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Shoppers Math

Shoppers math can be misleading.  Sometimes, because of clever marketing, it's meant to be misleading.

For example, what does BOGO really mean?  Well, if it's Buy-One-Get-One-Free, that really means that you are getting a 50% discount on a single item.  Do you want the item enough to pay half the amount of the original price for it?  Sometimes BOGO means Buy-One-Get-One-Half-Off (like at Payless Shoes), which is the equivalent of getting a 25% discount (or less if the second item costs less than the first).  Would you buy one of the item if you were getting a straight 25% off?  Something to think about before you buy something thinking that it is "free," so it doesn't matter if it's a little overpriced.

Coupons sometimes come in weird phrasings.  For example Lowe's has a "$25 off of $250" coupon.  So that's basically 10% off, yes?  Yes and no.  Unless you find an item(s) that costs exactly $250, you'll probably be buying more than that in order to meet the coupon requirement, bringing the percentage value of the coupon down.

What about those coupons for "$3 off Cheer liquid, any size?"  So normally, when you are buying something like, say, detergent, you look for the cheapest price per ounce, right?  And the cheapest price per ounce usually comes in the larger sizes.  Let's take a look at the Walmart.com prices on liquid Cheer:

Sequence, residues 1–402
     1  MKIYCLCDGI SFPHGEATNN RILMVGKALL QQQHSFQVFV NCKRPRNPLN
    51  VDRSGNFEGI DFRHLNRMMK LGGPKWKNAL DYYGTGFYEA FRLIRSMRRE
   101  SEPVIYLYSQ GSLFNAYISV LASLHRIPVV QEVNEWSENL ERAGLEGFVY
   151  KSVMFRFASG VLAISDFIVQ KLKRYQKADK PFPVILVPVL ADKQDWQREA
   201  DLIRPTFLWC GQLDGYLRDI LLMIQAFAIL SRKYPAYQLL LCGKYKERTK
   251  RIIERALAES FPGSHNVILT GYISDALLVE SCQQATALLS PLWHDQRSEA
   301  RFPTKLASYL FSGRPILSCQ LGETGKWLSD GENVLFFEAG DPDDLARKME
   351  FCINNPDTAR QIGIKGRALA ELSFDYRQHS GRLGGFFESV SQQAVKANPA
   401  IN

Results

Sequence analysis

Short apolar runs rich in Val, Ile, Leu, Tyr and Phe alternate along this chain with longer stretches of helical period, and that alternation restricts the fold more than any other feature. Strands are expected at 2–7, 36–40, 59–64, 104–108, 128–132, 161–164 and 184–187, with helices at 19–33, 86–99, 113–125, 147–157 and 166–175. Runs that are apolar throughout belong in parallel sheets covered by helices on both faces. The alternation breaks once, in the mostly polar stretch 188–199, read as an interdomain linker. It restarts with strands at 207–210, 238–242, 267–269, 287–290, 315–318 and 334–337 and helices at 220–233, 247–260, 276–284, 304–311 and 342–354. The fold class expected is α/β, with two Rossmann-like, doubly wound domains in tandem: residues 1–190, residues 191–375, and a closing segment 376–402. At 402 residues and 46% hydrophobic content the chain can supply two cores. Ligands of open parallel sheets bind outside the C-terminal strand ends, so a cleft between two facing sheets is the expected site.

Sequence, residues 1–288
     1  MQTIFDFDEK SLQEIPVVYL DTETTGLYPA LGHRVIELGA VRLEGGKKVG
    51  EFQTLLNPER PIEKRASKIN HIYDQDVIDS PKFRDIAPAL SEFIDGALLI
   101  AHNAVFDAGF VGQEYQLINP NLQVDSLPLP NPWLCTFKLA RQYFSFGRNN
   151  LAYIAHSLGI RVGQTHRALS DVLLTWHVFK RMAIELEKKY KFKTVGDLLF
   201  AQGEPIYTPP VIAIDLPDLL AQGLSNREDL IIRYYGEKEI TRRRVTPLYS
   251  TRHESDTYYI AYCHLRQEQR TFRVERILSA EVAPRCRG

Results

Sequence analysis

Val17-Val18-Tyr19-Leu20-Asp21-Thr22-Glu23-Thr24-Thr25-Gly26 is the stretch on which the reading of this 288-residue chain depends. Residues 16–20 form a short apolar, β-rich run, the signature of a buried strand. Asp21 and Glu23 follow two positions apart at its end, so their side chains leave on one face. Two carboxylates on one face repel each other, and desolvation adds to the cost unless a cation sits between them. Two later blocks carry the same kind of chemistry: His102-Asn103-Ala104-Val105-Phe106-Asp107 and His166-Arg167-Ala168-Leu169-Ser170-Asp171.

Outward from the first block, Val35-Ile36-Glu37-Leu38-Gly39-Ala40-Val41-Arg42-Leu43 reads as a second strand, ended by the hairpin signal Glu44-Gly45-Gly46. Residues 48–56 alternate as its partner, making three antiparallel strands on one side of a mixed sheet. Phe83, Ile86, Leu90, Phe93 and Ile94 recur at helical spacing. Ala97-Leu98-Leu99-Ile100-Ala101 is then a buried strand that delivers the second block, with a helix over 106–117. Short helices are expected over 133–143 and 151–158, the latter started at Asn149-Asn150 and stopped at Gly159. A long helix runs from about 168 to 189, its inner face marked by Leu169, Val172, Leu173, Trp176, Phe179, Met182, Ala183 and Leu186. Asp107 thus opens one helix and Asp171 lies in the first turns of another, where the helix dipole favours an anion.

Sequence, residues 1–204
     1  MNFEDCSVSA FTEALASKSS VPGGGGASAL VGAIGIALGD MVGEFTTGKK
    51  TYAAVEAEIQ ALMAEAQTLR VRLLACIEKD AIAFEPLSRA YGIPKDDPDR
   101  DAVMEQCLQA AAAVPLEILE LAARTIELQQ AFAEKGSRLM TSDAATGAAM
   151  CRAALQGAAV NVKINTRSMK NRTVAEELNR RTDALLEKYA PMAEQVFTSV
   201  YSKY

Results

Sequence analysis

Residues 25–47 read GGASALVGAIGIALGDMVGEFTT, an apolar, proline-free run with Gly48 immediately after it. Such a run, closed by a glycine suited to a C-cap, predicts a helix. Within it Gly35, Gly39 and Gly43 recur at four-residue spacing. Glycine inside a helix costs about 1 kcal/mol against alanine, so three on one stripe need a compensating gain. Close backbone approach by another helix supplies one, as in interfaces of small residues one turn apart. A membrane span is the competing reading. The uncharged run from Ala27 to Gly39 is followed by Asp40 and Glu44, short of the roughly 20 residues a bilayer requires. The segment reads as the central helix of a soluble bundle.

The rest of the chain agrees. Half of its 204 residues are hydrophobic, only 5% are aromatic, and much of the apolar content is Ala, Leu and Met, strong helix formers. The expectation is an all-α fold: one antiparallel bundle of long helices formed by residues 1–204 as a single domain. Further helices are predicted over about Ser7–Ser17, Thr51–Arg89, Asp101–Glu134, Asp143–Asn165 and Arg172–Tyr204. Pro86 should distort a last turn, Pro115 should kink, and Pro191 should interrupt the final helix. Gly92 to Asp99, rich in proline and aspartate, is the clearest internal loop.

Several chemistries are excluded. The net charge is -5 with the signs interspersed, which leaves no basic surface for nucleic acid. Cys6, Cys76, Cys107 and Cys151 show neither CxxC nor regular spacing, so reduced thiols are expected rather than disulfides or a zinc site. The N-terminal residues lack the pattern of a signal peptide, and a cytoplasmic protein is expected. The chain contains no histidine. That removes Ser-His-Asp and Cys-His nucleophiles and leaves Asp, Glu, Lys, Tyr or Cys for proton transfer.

# ounces price price/oz.
50 $6.97 $0.14
100 $12.52 $0.13
150 $16.74 $0.11

So this makes sense and is intuitive.  The more you buy, the more you spend, the less it cost per ounce.  The smallest size cost 14 cents per ounce.  The largest size cost 11 cents per ounce and is the best value size.  Now let's throw in a high-value $3 off coupon, and everything gets skewed:

# ounces price price/oz. after $3 off coupon
50 $3.97 $0.08
100 $9.52 $0.10
150 $13.74 $0.09

Whoa.  Now it seems that the smallest size is the greatest value.  And it is.  Because the coupon is a fixed amount and value increase is based on a ratio.  So your denominator (price) is shrinking, but your numerator (# ounces) is fixed. What does this translate to? Well, as a general rule (there are exceptions), if you have a coupon for a fixed amount (i.e. $3 off), it makes more sense to use it on the smaller-sized, cheaper item.  The higher the coupon value, the more true this is.  If you have a coupon based on a percentage (15% off), it makes more sense to use it on the largest sized item.

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